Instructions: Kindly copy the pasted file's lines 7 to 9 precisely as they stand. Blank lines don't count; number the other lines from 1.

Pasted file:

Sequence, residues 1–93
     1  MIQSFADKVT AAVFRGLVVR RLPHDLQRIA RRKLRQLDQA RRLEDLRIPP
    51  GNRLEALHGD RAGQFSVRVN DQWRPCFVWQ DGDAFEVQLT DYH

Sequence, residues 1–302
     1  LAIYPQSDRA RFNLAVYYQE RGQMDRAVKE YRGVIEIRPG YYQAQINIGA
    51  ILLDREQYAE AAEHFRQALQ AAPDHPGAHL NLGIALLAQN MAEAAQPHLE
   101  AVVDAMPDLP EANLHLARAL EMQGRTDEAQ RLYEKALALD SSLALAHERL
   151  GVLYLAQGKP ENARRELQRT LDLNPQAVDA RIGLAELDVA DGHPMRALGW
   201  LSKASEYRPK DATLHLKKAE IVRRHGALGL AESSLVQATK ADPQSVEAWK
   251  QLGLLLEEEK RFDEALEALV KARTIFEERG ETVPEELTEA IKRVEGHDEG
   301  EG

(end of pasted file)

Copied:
   101  AVVDAMPDLP EANLHLARAL EMQGRTDEAQ RLYEKALALD SSLALAHERL
   151  GVLYLAQGKP ENARRELQRT LDLNPQAVDA RIGLAELDVA DGHPMRALGW
   201  LSKASEYRPK DATLHLKKAE IVRRHGALGL AESSLVQATK ADPQSVEAWK